Yahoo Closing Games Portal, Other Services In Bid To Streamline Focus

Yahoo Closing Games Portal, Other Services In Bid To Streamline Focus

Online game enthusiasts will soon be saying goodbye to one of their earliest gaming options: Yahoo Games. The service, along with several other products, will shutter in coming months as the tech company looks to simplify its business.  [More]

Lyft, Uber To Offer Homeless Veterans Free Rides To And From Jobs, Interviews

Lyft, Uber To Offer Homeless Veterans Free Rides To And From Jobs, Interviews

Ride-hailing companies have always shared a bit of a spirited rivalry: a hacker redirected Uber’s petition site to Lyft and Lyft accused Uber employees of requesting and then canceling 5,600 rides. But today the companies announced they would put their differences aside and team up to offer free rides for veterans in need of transportation to and from jobs and interviews.  [More]

Comcast Could Be The Next Company To Offer Cell Service

Comcast Could Be The Next Company To Offer Cell Service

Everyone’s favorite (or not) cable, internet and telephone provider, Comcast, could soon be handling your cell service, too.  [More]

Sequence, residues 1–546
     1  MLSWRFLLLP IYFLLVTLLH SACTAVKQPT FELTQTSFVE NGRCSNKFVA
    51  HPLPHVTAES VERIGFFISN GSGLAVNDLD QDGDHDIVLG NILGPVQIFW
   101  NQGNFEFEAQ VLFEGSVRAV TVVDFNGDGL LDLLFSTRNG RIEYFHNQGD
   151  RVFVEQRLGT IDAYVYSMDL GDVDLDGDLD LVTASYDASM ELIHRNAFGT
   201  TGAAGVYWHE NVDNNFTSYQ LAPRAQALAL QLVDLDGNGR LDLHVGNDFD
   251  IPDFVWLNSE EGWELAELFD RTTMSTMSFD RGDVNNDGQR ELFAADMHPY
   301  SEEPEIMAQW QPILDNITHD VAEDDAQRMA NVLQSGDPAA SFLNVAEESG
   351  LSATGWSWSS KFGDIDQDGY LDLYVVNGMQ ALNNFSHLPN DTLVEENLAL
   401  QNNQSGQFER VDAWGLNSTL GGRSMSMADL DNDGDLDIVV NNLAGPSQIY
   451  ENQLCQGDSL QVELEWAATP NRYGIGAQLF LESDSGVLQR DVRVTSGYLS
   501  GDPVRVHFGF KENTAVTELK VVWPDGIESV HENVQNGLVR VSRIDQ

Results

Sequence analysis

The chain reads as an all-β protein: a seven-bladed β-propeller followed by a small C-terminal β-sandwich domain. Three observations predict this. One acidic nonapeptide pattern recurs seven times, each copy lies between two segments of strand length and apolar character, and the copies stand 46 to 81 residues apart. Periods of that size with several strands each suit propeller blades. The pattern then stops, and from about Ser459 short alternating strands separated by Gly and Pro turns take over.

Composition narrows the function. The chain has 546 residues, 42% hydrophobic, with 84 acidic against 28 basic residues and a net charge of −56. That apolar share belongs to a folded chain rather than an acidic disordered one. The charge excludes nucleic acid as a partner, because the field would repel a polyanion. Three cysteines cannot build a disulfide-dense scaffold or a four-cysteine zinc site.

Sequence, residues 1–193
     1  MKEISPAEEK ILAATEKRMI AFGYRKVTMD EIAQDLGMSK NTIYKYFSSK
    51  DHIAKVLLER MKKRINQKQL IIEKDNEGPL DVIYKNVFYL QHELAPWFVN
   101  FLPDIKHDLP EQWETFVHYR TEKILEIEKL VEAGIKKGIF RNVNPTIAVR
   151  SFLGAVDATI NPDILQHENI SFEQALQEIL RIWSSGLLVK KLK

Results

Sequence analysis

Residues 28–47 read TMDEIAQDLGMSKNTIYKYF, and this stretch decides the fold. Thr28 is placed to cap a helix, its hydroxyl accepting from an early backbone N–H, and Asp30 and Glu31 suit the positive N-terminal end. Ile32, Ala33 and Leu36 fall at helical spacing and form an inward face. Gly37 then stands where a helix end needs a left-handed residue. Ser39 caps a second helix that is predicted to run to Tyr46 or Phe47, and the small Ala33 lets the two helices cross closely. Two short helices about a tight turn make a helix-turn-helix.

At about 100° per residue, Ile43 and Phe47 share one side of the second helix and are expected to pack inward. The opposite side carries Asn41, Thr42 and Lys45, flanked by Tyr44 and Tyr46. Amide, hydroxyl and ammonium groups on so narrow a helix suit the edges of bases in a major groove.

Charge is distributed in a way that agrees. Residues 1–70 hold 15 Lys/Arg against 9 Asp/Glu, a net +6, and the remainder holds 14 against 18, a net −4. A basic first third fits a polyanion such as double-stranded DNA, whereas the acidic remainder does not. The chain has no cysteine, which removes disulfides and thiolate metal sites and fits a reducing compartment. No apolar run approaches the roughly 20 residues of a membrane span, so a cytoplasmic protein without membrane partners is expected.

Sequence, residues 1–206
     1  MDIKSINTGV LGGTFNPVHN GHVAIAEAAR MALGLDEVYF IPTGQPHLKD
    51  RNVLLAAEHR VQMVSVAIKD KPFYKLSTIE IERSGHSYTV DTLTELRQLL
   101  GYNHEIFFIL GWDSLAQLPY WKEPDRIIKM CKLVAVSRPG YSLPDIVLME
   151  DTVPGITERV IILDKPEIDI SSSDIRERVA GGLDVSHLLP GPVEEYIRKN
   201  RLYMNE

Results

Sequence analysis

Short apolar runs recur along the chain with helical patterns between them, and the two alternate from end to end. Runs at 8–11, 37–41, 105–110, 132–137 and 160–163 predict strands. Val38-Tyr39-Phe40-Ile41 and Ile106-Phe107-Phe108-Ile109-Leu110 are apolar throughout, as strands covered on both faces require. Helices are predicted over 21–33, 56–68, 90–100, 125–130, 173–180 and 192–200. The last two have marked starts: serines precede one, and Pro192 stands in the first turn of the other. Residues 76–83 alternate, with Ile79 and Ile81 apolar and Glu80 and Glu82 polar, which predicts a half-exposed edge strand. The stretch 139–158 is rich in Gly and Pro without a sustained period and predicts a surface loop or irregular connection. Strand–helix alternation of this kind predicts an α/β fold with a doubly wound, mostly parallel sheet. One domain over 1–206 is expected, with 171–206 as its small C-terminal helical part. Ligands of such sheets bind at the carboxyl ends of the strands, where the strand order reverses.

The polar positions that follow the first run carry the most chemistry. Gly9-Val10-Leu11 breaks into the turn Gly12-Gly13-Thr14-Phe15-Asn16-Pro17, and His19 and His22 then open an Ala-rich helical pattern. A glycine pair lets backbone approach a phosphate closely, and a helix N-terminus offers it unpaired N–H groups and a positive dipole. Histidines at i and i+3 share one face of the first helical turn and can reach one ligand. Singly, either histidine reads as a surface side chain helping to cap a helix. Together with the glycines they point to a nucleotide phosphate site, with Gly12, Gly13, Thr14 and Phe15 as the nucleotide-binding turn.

Companies Must Refund Millions Of Dollars For Credit Card Add-On Services Customers Never Received

Companies Must Refund Millions Of Dollars For Credit Card Add-On Services Customers Never Received

As a rule of thumb, if you’re a company and you charge a customer for a service or product, you’re supposed to actually provide that service or product. That apparently wasn’t a practice adhered to by two credit card add-on companies that must now pay millions of dollars in fines and refunds. [More]

Amazon Reportedly Working On New Shipping Service That Turns Ordinary People Into Couriers

Amazon Reportedly Working On New Shipping Service That Turns Ordinary People Into Couriers

Looking to pick up a few dollars while making your way around town? Then Amazon’s latest attempt to quickly and cheaply deliver packages might be right up your alley, that is if the consumer-turned-courier program comes to fruition. [More]